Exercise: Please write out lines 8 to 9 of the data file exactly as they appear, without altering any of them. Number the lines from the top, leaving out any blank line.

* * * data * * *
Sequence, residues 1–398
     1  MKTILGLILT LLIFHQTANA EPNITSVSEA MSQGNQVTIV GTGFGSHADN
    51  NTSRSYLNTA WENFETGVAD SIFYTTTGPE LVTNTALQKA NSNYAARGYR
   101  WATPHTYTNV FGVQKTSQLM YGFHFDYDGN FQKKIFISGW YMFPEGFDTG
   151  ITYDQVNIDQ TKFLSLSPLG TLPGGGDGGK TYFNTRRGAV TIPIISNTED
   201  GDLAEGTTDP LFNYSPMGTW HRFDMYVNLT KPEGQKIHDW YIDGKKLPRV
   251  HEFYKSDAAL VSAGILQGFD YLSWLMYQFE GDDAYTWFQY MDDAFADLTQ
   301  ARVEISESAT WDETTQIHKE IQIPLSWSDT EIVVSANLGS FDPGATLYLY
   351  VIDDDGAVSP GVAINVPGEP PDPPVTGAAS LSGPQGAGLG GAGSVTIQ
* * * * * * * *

   301  ARVEISESAT WDETTQIHKE IQIPLSWSDT EIVVSANLGS FDPGATLYLY
   351  VIDDDGAVSP GVAINVPGEP PDPPVTGAAS LSGPQGAGLG GAGSVTIQ